시간 제한 | 메모리 제한 | 제출 | 정답 | 맞은 사람 | 정답 비율 |
---|---|---|---|---|---|

1 초 | 128 MB | 8 | 1 | 1 | 14.286% |

You may have heard about the case of a family that got a surprising visit from the FBI. It turns out that the wife had been using the family computer to search for pressure cookers, while the husband had been looking for backpacks. This was right after the Boston Marathon bombings, which had featured the use of improvised explosives using pressure cookers in backpacks. Naturally, a terrorist trying to evade detection will avoid searching for (or ordering) all materials for an attack directly — instead, a group of people may distribute the ordering of ingredients among themselves. Trying to detect such activities could be a use for the “social connections” data from the previous problems.

Here, you will be given a list of all social connections. In addition, you will be given, for each person, the list of items they ordered (or looked at) online. The question is whether there are any cliques^{1} of people whose orders together could be used to carry out an attack. To that end, you will be given lists of items that together can be used for an attack. If, say, items {1, 4, 6} together are enough to start an attack, then of course, if the group together buys {1, 2, 4, 6, 9}, that will also do. You are to decide how many such cliques are in your data set that could carry out attacks with what they ordered. (Notice that if one person alone already has all the materials, then each clique containing him also has all the materials, which means that you may count many such cliques. That’s correct.)

^{1}Recall that a clique of people is a set such that each pair of people in this set are connected to each other.

The first line is the number K of input data sets, followed by the K data sets, each of the following form:

The first line contains four integers n, m, k, c, separated by spaces. 1 ≤ n ≤ 20 is the number of people in your network. 1 ≤ m ≤ 50 is the number of items whose purchases we are tracking, and 0 ≤ k ≤ 100 is the number of item combinations that can be used for an attack. 0 ≤ c ≤ 400 is the number of connections in the network.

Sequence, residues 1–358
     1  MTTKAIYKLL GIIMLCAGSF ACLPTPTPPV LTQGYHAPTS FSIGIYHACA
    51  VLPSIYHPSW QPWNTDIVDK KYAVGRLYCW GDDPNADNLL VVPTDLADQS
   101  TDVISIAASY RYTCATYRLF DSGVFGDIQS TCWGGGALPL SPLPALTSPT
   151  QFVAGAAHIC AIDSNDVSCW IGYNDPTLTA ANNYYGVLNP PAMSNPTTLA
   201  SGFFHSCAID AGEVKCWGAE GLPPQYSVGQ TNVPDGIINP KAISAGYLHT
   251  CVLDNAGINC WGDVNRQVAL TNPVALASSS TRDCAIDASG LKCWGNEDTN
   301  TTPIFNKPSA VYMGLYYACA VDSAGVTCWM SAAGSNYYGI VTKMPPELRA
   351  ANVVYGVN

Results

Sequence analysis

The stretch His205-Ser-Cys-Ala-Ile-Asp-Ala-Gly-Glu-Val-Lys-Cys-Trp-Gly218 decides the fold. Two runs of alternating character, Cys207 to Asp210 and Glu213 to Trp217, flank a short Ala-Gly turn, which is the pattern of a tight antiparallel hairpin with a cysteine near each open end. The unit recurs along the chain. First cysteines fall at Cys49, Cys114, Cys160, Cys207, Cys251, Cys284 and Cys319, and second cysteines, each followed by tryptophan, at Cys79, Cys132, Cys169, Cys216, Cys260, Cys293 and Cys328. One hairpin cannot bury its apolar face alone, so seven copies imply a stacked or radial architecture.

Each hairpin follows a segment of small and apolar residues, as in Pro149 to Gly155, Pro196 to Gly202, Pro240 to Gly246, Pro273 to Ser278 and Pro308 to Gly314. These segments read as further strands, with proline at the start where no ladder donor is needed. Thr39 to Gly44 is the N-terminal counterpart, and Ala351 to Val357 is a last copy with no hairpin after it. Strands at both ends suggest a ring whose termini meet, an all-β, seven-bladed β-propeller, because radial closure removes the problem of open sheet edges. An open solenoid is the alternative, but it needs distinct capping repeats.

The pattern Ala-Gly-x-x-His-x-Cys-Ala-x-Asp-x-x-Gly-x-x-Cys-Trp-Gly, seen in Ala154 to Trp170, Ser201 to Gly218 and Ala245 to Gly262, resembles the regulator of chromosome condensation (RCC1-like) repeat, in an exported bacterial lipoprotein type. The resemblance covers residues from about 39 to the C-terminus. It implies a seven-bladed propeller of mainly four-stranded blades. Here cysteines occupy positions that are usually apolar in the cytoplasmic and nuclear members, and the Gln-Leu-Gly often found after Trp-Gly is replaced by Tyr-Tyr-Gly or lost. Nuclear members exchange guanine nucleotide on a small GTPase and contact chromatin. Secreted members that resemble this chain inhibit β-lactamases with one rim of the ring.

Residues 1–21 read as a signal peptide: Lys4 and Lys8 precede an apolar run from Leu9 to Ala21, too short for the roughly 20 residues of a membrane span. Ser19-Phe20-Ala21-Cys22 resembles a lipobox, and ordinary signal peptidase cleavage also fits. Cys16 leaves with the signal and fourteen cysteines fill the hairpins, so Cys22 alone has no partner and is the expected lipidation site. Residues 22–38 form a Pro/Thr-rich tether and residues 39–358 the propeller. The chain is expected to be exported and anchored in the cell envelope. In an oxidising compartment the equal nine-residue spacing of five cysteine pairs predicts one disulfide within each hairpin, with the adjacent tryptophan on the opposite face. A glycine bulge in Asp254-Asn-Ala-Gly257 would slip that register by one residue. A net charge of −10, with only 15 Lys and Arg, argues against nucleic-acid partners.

This is followed by k lines, each describing a combination of materials that can be used for an attack. Each such line contains as its first number an integer s_{i}, 1 ≤ s_{i} ≤ m, the number of items this combination contains. This is followed by s_{i} integers on the same line, each between 1 and m.

Next come n lines, describing the items that the corresponding person bought. Each such line starts with a number t_{j} , 0 ≤ t_{j} ≤ m, which is the number of items person j bought. Then follow t_{j} integers between 1 and m, each giving an item.

Finally, there are c lines, each containing two distinct integers between 1 and n, describing a connection between those two people.

For each data set, output “Data Set x:” on a line by itself, where x is its number. Then, output the number of different cliques (of one or more person) which could carry out an attack by pooling their materials. This should be followed by an empty line.

1 5 4 3 4 2 1 2 3 4 1 3 2 2 4 1 2 2 1 4 1 3 4 4 2 1 3 0 1 2 1 3 2 3 4 5

Data Set 1: 5